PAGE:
fireworks_12_.jpgNew Year’s Eve is known as la Festa di San Silvestro (Feast of St. Sylvester) in Italy. New Year’s Day is called Capodanno. On either day, you will find people celebrating by eating lentils (symbolizing wealth) or pork specialties such as cotechino or zampone (stuffed pork sausage or stuffed pig’s trotter) symbolizing richness for the coming year.
 
If you possessed x-ray vision, you would find yourself in a sea of red as many Italians don new red underwear to bring good luck in the New Year.

At midnight, there are fireworks displays throughout Italy with the largest and longest taking place in Piazza del Popolo in Rome. The fireworks last for an hour and this is a true celebration for all (no reservations). As a result, people camp out for as much as a week in advance to secure a good spot. They are also treated to a concert that goes on for hours both before and after the fireworks.

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The best Italian restaurants of 2009 – Tuscany and Lombardy top the list

For those of you who love Tuscan food or are lucky enough to be going to Tuscany soon, here is the latest restaurant news: One of the most important Italian Restaurant Guides, ‘Guida ai ristoranti d’Italia’ published by l’Espresso has just been released. This guide includes 2800 restaurants and eating places throughout Italy (from the most simple to the most elaborate) plus all different types of cuisine (from minimalist or baroque to traditional or experimental).  The common thread for this overview of outstanding cuisine in Italy is the best utilization of fresh, local ingredients.The restaurants are judged on both cuisine and service.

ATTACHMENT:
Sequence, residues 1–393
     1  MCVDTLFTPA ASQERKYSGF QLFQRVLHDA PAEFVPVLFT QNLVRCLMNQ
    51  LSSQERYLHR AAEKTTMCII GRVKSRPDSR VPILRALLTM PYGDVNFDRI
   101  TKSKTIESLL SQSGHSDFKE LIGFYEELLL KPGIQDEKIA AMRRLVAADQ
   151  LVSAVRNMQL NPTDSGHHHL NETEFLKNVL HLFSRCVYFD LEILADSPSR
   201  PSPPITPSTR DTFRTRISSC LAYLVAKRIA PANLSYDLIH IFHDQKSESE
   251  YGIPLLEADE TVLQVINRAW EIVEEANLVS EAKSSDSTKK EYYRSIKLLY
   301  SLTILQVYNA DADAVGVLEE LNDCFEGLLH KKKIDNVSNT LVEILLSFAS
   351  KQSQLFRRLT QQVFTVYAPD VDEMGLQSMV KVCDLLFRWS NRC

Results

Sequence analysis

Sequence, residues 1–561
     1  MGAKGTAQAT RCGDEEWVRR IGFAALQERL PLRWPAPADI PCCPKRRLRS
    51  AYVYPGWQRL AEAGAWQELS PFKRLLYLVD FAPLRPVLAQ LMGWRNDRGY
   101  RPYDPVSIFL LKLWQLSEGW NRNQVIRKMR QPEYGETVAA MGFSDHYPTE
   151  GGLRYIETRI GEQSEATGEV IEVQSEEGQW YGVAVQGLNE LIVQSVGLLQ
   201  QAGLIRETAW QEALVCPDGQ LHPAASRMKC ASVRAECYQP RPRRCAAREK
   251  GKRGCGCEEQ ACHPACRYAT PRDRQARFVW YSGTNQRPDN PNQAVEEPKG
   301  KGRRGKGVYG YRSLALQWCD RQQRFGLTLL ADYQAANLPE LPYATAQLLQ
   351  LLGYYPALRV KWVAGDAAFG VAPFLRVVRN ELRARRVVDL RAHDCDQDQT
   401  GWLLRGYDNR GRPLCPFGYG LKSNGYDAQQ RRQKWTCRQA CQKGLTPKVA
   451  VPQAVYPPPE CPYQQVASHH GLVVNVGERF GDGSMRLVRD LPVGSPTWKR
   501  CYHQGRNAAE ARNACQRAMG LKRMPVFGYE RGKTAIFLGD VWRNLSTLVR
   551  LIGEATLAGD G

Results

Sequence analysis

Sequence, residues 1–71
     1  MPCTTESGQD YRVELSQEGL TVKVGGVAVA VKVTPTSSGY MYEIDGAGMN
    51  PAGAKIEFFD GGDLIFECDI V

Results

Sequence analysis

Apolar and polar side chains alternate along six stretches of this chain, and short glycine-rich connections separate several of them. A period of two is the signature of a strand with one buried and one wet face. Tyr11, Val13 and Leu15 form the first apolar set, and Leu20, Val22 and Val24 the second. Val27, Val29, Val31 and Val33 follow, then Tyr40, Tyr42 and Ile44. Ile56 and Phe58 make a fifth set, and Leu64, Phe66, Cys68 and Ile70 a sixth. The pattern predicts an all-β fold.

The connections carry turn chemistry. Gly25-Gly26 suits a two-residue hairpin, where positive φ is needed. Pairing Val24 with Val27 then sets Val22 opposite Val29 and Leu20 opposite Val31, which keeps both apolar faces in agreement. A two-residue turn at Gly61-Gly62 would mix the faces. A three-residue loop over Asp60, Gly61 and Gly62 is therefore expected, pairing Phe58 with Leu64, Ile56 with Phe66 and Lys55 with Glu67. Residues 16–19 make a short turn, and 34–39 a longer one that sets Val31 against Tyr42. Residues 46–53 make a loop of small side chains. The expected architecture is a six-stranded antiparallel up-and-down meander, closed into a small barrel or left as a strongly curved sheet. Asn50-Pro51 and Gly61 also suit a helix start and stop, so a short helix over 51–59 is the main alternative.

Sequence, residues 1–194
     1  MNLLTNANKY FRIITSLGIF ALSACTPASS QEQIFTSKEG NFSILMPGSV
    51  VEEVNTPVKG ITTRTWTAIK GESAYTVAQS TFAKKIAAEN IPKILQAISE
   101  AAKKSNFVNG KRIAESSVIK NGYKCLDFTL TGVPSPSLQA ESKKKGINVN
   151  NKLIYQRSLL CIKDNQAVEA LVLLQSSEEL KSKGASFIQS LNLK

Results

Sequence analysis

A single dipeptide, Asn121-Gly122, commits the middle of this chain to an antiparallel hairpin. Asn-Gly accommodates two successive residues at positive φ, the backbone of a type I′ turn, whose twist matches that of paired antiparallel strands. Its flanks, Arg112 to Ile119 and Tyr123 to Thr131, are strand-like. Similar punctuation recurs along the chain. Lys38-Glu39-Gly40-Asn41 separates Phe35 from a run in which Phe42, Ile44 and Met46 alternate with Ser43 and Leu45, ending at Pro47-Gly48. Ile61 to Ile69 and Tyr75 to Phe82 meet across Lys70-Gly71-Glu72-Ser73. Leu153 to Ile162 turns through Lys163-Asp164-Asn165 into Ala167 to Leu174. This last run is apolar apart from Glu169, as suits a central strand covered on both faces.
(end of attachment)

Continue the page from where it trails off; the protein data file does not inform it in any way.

There are many great chefs working in all the different regions of Italy, including those in Campania and Lazio where there is currently much culinary buzz.  The two regions that now have the most “Three chef’s toque hats” (top score) are Lombardy and Tuscany.
 
Tuscans are famous for using the freshest of ingredients cooked in simple ways to bring out the natural flavors of the food.  You may be surprised to know that each city, town or village in Tuscany has their own unique food specialties. You will find some of the best representations of these local dishes in the top restaurants.  Read more